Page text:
(This article originally appeared in the Boston Business Journal on September 20, 2017)
Cyberattacks are a persistent threat to our modern, technology-driven economy and personal lives. To confront them, we should be focused on policies that bolster our nation’s cyber defenses.
Unfortunately, the Massachusetts Legislature is considering two bills this month that will do just the opposite. They would force technology manufacturers to reveal intellectual property about their devices, including source code, making us more vulnerable to cyberattacks.
The legislation — H.143 in the House and S.96 in the Senate — is being deceptively sold to the public as a way of giving consumers more options for fixing digital devices on their own. The reality is that, if passed, this legislation would place residents of the commonwealth squarely in the crosshairs of hackers.
The legislation would require technology manufacturers to make their devices’ software, repair tools, and detailed diagnostic information publicly available. This would impact devices and equipment across the board, including smartphones, video game platforms, computers and drones.
Forcing technology companies to open up their intellectual property to the public would create significant security vulnerabilities and put Massachusetts consumers at increased risk of being hacked. Simply put, passage of this legislation would be a gift to cybercriminals. It would provide them with access to sensitive technical information about the devices and networks they are targeting.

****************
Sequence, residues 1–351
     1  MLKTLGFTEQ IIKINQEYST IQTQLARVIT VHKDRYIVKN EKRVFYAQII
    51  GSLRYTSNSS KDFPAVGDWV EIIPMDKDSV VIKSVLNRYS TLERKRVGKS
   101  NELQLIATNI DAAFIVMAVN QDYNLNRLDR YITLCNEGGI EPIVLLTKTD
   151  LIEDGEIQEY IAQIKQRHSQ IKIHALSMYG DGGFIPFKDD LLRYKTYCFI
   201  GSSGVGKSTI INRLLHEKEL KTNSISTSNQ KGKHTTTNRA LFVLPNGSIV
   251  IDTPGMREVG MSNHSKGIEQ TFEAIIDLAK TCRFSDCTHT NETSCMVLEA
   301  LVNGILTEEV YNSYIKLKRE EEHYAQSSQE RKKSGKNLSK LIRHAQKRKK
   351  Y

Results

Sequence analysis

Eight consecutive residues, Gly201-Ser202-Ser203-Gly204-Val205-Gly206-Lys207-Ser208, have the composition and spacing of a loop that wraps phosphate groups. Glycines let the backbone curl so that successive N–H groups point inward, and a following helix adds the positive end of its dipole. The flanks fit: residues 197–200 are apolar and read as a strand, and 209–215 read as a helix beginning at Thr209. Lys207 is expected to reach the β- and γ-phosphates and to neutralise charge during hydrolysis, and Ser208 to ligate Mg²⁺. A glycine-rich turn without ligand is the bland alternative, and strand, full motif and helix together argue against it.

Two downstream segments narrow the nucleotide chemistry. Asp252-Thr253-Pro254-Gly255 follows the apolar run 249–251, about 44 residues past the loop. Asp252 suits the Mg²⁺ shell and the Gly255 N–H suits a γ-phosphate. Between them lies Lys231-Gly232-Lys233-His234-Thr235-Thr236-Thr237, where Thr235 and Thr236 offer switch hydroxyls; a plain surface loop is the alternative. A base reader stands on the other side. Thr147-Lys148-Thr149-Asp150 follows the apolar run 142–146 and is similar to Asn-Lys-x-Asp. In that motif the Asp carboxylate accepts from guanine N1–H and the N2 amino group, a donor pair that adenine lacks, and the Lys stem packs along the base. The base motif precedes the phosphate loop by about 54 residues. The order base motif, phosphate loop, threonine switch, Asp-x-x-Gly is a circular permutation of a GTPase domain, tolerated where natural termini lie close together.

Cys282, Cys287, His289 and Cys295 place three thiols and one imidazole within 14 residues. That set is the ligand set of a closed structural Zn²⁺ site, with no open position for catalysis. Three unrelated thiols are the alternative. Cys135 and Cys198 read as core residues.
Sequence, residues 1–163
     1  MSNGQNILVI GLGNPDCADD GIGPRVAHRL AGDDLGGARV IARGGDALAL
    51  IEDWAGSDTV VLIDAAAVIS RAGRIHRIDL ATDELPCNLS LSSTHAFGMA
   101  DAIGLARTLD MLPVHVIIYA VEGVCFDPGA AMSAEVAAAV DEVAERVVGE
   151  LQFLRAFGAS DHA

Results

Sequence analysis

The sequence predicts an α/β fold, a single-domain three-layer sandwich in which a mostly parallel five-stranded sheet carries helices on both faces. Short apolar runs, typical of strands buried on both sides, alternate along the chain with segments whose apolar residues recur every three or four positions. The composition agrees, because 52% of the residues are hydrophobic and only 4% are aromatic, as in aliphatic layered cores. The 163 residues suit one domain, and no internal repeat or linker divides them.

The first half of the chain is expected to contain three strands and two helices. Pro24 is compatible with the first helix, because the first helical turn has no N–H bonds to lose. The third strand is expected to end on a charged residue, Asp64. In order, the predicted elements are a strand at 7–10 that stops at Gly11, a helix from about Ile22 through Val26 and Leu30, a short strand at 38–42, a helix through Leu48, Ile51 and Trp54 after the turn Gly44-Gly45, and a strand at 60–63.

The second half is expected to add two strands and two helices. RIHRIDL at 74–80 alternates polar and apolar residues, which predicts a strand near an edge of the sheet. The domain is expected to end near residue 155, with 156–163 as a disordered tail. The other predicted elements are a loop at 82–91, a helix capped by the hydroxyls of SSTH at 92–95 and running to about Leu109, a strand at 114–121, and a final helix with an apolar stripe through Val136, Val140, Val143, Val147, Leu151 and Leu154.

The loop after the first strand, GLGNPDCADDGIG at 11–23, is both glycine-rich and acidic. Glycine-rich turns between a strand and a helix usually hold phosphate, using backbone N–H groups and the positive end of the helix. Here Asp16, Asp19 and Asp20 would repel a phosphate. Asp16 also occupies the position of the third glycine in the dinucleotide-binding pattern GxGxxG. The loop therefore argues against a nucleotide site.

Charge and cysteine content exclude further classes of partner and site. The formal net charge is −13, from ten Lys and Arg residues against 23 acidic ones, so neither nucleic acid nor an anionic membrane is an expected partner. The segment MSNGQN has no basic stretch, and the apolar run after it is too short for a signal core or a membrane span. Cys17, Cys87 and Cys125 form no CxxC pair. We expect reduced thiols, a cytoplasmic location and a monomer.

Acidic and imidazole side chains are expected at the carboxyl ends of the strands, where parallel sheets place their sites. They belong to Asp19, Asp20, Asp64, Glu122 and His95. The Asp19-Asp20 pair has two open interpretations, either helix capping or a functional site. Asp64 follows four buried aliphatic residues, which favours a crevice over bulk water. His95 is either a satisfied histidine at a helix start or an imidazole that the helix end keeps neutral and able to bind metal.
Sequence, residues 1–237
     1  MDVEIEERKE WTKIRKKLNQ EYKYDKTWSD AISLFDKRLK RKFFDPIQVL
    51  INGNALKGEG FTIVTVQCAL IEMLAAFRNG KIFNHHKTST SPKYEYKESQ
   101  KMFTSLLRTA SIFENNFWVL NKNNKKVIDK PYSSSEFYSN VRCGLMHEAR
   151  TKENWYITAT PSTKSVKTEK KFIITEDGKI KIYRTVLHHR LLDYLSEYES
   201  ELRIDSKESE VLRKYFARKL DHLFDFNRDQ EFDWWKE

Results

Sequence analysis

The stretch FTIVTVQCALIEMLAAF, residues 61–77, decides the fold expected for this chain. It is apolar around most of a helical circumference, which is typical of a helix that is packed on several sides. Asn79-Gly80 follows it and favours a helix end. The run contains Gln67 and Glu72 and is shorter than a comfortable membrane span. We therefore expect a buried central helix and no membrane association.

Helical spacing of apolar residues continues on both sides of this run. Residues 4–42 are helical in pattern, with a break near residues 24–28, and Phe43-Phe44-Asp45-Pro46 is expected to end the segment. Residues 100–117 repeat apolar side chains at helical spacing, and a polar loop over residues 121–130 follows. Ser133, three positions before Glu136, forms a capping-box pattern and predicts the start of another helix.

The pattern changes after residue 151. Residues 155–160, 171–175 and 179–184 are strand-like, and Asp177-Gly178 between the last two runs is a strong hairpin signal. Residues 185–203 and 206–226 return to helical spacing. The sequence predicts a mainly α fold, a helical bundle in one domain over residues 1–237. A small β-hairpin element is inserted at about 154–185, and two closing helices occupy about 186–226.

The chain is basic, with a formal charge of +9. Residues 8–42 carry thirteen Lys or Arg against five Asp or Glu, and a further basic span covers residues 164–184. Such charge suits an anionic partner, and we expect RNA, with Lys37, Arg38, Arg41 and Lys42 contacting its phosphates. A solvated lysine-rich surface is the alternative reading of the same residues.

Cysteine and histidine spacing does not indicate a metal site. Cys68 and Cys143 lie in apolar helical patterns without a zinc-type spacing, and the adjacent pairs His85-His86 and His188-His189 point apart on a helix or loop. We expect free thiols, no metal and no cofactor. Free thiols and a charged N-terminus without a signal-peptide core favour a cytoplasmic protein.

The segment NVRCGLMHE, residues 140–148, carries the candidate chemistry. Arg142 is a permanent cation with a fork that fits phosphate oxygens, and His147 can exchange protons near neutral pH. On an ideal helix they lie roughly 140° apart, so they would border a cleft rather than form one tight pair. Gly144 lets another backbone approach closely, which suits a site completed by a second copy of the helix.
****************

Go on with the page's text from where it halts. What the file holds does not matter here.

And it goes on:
In addition to putting us at increased risk of cyberattacks, this bill would have a stifling effect on research and development (R&D) in the technology industry, which is a major economic engine of the commonwealth’s booming innovation sector.
Technology companies invest heavily in the development of new and innovative products here in Massachusetts, and the protection of intellectual property is critical to these efforts. The proposed legislation would compromise companies’ R&D initiatives by making public the essential information that makes their products unique. This would have a chilling effect on competition and innovation.
The Bay State has long been considered an innovation leader because we combine world-class research universities, brilliant innovators, and a policy environment that encourages technological progress. No other state has yet to adopt a policy like this, and Massachusetts should not be the first to make the mistake of exposing our residents and economy to such needless risk.
Lawmakers and innovators should be collaborating to protect consumers from cyberattacks. Yet, this harmful legislation would give hackers the keys to the kingdom instead of protecting the privacy and security of our technology-driven society.
We urge Massachusetts’ lawmakers to oppose this legislation and stand up to protect the security of our digital devices.